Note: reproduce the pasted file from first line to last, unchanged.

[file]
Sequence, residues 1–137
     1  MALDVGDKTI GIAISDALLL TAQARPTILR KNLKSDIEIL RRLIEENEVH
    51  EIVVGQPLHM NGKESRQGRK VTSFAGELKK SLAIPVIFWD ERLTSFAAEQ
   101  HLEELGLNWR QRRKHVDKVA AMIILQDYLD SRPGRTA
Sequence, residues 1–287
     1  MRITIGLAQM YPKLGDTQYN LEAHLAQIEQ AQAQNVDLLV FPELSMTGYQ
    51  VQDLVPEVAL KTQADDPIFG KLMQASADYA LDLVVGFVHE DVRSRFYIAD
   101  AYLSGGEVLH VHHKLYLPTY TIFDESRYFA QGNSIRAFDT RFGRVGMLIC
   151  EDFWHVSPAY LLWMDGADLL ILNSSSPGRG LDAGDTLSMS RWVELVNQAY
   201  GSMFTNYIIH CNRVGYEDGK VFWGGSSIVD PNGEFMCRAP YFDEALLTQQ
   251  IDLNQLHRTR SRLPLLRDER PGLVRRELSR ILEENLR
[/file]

Sequence, residues 1–137
     1  MALDVGDKTI GIAISDALLL TAQARPTILR KNLKSDIEIL RRLIEENEVH
    51  EIVVGQPLHM NGKESRQGRK VTSFAGELKK SLAIPVIFWD ERLTSFAAEQ
   101  HLEELGLNWR QRRKHVDKVA AMIILQDYLD SRPGRTA
Sequence, residues 1–287
     1  MRITIGLAQM YPKLGDTQYN LEAHLAQIEQ AQAQNVDLLV FPELSMTGYQ
    51  VQDLVPEVAL KTQADDPIFG KLMQASADYA LDLVVGFVHE DVRSRFYIAD
   101  AYLSGGEVLH VHHKLYLPTY TIFDESRYFA QGNSIRAFDT RFGRVGMLIC
   151  EDFWHVSPAY LLWMDGADLL ILNSSSPGRG LDAGDTLSMS RWVELVNQAY
   201  GSMFTNYIIH CNRVGYEDGK VFWGGSSIVD PNGEFMCRAP YFDEALLTQQ
   251  IDLNQLHRTR SRLPLLRDER PGLVRRELSR ILEENLR